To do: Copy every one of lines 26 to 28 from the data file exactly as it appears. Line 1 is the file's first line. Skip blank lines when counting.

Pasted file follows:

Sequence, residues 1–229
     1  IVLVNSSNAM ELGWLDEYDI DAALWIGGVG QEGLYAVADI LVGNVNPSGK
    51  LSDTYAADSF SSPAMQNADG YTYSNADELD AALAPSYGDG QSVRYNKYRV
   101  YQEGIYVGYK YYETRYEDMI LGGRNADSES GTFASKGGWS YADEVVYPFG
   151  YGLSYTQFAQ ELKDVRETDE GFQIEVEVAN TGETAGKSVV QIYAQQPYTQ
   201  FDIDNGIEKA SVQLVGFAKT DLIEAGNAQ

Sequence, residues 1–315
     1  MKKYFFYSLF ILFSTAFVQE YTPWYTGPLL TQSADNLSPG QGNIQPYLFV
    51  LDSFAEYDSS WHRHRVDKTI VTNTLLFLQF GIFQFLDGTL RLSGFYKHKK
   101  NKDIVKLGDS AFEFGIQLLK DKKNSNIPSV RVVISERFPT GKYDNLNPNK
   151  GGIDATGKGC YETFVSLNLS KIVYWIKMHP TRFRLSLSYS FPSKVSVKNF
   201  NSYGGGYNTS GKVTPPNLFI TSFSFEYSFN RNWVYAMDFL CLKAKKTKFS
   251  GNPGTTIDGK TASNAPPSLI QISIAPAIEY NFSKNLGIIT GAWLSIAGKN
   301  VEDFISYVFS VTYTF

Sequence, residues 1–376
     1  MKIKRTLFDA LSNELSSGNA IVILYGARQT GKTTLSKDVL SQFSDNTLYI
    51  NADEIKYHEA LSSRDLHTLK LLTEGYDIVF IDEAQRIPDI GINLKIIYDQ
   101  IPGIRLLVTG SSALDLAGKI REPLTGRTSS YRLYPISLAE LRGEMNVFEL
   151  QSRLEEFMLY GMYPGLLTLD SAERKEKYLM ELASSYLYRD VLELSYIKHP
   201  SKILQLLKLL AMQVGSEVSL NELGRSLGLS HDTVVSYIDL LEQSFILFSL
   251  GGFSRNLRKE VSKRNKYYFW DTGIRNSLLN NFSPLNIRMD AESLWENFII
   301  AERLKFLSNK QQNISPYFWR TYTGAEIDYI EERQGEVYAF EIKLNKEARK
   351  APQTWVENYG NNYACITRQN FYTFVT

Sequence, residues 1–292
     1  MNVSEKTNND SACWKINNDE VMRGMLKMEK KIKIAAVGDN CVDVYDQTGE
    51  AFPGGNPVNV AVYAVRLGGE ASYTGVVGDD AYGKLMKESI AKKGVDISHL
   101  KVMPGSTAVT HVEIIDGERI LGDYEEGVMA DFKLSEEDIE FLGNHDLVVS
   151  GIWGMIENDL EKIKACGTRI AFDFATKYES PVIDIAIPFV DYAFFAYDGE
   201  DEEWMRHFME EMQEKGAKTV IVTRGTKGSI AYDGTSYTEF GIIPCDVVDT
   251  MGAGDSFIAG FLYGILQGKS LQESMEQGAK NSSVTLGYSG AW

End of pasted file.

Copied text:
    51  AFPGGNPVNV AVYAVRLGGE ASYTGVVGDD AYGKLMKESI AKKGVDISHL
   101  KVMPGSTAVT HVEIIDGERI LGDYEEGVMA DFKLSEEDIE FLGNHDLVVS
   151  GIWGMIENDL EKIKACGTRI AFDFATKYES PVIDIAIPFV DYAFFAYDGE